Pierre Louis Colin, Managing Director, Peugeot UK said, "The feat performed by John and his wife, Helen, in the 308 is outstanding. It proves the difference that driving economically can make on both the environment and with the rising cost of fuel, your pocket."

The Peugeot 308 is available with a range of fuel efficient engines, including the HDi 90 and 110* bhp diesel models which also have CO2 emissions of only 120 g/km. This reduces the vehicle's excise duty to only £35.00 and with combined fuel consumption of 62.7 mpg also reduces everyday running costs.

The setting of these records also comes hot on the heels of the UK economy-run success, where the 308 HDi 110 achieved an average fuel consumption of
71.92 mpg, a 15% increase on its listed fuel economy figure, during the 2007 Fleet World MPG Marathon. The 308 HDi 90 also claimed an economical accolade at the beginning of 2008, travelling 117 miles around London's Orbital, the M25 on less that £10 of diesel fuel.

World Record Attempt 2008:

The record attempt was completed in a standard, Peugeot 308 HDi 110 by John and Helen Taylor in April 2008. It was verified by an independent scrutineer to ensure all the requirements of the Guinness World Records' regulations were met and all stipulations for setting the record were followed. In particular, nothing at all was removed from the car to save weight in order to save fuel. Indeed, along with Helen and John were their two large suitcases with clothes for the entire 25 day trip.

*When fitted with the six-speed EGC gearbox

I'm reporting this comment as:

Reported comments and users are reviewed by Autoblog staff 24 hours a day, seven days a week to determine whether they violate Community Guideline. Accounts are penalized for Community Guidelines violations and serious or repeated violations can lead to account termination.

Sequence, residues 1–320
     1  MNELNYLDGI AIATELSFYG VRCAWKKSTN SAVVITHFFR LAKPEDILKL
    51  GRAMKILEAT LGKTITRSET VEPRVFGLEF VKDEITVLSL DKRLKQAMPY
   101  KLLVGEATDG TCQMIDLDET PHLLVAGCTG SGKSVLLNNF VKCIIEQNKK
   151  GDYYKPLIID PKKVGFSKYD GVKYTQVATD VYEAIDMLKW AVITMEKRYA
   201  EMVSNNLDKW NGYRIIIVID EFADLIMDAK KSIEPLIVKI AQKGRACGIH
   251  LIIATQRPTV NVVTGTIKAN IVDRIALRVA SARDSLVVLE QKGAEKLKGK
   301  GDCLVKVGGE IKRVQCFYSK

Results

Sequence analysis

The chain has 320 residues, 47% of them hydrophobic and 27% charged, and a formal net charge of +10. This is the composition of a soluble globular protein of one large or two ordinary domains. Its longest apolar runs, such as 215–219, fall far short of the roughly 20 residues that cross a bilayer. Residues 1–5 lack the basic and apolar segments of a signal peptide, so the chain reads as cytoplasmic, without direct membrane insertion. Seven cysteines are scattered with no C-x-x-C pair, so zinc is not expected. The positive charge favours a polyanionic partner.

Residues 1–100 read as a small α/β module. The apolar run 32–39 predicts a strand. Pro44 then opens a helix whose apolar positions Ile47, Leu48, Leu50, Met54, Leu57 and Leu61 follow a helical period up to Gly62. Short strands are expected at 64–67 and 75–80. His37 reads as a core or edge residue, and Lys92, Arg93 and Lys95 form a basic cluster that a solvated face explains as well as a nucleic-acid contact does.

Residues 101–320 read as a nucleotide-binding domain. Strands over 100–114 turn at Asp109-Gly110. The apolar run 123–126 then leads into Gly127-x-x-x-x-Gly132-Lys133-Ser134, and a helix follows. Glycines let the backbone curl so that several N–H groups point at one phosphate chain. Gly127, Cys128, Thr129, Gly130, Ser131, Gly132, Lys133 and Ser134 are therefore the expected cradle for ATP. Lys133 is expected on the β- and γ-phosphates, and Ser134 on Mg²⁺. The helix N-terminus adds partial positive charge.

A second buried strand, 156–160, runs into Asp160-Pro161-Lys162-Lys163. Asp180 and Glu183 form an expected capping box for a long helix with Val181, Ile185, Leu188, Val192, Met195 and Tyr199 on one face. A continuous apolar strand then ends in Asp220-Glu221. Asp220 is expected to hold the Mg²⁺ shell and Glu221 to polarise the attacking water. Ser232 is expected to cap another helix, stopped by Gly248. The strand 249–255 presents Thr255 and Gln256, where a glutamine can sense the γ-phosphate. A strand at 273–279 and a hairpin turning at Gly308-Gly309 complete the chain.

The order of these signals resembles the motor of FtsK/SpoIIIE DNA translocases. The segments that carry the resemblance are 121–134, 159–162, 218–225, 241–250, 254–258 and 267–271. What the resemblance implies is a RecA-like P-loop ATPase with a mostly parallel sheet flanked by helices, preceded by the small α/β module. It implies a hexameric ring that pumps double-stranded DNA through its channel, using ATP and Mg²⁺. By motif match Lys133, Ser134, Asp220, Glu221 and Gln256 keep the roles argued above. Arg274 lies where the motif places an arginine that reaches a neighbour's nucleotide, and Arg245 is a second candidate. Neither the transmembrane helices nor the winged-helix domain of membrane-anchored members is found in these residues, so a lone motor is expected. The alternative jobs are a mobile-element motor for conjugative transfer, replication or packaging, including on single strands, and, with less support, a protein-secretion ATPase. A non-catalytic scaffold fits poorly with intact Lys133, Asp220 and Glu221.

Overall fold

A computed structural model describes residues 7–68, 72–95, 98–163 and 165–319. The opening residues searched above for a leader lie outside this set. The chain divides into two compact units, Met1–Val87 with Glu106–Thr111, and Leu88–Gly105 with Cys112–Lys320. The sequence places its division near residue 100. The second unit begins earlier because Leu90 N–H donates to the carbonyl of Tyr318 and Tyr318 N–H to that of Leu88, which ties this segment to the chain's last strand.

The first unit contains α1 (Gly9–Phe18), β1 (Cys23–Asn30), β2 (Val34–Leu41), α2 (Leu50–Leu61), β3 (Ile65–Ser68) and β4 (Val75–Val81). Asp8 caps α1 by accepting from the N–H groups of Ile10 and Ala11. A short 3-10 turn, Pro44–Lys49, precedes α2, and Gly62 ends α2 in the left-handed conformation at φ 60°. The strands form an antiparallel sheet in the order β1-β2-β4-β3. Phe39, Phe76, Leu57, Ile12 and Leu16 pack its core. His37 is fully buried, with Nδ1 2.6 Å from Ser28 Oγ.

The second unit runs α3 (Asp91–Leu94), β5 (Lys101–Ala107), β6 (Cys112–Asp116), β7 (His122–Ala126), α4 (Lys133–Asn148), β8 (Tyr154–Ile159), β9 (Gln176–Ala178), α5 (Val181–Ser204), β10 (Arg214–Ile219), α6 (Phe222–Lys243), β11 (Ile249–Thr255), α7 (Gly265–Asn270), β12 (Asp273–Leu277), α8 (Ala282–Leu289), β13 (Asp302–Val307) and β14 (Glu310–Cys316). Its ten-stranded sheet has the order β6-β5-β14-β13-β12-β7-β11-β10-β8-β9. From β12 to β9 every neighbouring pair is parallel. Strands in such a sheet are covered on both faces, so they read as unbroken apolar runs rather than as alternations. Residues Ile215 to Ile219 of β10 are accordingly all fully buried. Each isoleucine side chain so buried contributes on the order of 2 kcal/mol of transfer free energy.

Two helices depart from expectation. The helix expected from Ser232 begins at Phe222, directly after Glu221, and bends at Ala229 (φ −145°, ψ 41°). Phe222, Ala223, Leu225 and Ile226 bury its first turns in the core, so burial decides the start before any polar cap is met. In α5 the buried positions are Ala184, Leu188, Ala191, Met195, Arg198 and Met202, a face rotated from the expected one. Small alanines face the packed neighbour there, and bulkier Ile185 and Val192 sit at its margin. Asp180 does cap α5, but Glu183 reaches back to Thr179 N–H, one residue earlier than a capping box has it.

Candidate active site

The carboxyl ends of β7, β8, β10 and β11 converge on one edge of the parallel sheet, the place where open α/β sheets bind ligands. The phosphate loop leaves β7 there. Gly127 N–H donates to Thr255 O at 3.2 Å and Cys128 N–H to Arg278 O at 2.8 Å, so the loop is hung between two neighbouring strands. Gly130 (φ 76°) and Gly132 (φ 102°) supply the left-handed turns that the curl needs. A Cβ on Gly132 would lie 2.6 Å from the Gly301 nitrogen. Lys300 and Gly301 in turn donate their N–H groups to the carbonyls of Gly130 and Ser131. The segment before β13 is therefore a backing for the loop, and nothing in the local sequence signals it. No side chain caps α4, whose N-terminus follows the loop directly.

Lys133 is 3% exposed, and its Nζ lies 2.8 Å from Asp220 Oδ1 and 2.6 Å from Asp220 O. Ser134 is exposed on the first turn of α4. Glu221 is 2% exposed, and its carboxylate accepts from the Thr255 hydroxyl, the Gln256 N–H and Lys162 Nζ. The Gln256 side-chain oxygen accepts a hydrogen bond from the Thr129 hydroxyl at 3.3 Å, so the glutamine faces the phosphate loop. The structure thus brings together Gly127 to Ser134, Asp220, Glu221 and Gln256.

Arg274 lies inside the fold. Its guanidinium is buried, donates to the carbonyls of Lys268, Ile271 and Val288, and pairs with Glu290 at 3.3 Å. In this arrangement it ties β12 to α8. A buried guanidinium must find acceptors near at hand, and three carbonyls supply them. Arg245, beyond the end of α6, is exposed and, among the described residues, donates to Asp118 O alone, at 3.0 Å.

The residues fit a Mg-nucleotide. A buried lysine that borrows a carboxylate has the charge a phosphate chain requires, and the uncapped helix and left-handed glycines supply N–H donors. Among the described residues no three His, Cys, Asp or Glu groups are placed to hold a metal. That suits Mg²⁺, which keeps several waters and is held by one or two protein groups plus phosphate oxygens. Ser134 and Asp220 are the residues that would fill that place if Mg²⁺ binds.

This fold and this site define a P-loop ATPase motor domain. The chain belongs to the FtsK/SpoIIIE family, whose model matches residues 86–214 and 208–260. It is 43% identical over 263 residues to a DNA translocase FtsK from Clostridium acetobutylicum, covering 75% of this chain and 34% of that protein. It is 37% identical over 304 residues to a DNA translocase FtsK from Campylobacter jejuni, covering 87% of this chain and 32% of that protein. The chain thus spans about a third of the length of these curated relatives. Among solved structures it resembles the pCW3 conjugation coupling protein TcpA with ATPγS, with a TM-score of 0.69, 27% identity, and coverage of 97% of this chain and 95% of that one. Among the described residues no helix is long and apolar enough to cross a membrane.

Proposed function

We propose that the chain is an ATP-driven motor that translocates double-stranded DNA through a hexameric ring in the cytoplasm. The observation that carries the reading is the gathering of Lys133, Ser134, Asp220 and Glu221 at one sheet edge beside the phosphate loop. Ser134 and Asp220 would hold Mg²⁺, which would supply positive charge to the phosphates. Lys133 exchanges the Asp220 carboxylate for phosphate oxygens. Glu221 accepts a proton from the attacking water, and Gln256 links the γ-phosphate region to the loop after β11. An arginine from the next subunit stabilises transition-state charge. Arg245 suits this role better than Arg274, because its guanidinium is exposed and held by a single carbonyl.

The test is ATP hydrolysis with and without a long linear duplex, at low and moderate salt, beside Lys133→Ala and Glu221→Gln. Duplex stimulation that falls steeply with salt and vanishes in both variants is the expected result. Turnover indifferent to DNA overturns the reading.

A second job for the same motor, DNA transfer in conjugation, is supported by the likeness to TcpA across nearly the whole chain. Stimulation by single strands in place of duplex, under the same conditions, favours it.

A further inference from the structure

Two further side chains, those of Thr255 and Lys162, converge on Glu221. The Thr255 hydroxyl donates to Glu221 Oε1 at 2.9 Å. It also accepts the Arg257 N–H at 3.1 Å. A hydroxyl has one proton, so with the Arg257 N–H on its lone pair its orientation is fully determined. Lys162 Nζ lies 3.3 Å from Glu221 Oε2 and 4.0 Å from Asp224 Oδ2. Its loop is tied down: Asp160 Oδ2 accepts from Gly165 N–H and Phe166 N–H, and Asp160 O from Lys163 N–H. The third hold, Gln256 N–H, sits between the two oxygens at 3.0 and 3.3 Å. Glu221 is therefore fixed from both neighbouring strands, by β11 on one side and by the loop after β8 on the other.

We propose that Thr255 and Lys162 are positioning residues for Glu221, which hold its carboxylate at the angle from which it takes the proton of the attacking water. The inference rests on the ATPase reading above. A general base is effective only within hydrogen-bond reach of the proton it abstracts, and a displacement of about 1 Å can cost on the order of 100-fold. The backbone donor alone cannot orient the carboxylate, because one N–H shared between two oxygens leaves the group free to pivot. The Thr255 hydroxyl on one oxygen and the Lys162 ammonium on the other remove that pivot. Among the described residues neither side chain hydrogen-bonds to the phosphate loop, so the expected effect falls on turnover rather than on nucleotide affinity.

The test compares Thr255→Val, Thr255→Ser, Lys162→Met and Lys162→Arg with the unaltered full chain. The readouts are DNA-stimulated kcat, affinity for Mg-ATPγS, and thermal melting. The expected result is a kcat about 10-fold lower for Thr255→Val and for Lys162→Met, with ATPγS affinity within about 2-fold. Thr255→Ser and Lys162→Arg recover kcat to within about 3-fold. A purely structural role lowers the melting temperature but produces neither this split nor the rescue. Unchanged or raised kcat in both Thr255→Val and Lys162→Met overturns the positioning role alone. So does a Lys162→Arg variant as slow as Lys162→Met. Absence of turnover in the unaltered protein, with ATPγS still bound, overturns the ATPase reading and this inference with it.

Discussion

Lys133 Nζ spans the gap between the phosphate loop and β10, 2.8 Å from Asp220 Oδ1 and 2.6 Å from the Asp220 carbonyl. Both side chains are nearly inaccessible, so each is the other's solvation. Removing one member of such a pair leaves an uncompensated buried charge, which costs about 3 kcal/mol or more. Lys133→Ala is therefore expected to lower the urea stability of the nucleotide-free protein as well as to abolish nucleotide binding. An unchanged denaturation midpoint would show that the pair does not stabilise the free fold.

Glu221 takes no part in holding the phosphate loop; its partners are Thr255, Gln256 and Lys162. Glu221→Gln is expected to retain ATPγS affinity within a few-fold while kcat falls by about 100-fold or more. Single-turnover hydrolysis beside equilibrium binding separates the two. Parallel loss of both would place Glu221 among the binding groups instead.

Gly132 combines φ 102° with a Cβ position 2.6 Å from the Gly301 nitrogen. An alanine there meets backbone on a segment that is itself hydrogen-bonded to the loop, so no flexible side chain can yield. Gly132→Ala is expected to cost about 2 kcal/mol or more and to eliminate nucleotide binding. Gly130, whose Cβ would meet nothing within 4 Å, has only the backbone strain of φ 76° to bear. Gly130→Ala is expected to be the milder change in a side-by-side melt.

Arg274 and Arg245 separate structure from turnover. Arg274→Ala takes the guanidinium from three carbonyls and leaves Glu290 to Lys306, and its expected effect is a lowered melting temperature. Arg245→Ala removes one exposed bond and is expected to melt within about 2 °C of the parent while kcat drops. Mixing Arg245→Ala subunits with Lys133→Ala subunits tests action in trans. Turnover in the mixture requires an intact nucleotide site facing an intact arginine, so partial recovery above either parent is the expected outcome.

• 1 Second Ago
      • 7 Years Ago
      "And what are those terrible CAFE requirements that nobody can match with actual technology ? 35 mpg ?"

      This has been mentioned before, but don't forget the 35mpg requirement is using the 1975 EPA drive cycle. A vehicle rated at 35mpg on that cycle would be rated at about 27mpg on the current test. So the new requirement is, in effect, that fleet averages are 27mpg on the new test.
      • 7 Years Ago
      And remember too, that part of the mpg issue is the increasing demand/requirement for safety gadgets of increasing size and WEIGHT in cars. So Yes, the old 205 could get 40mpg easily, just like many early VW golfs could, but with safety regs its getting harder. At some point we are going to have to give on one end or the other. Be able to afford the fuel (what ever it may be) that allows us to drive, or have a giant feather pillow against the world that sits in the driveway.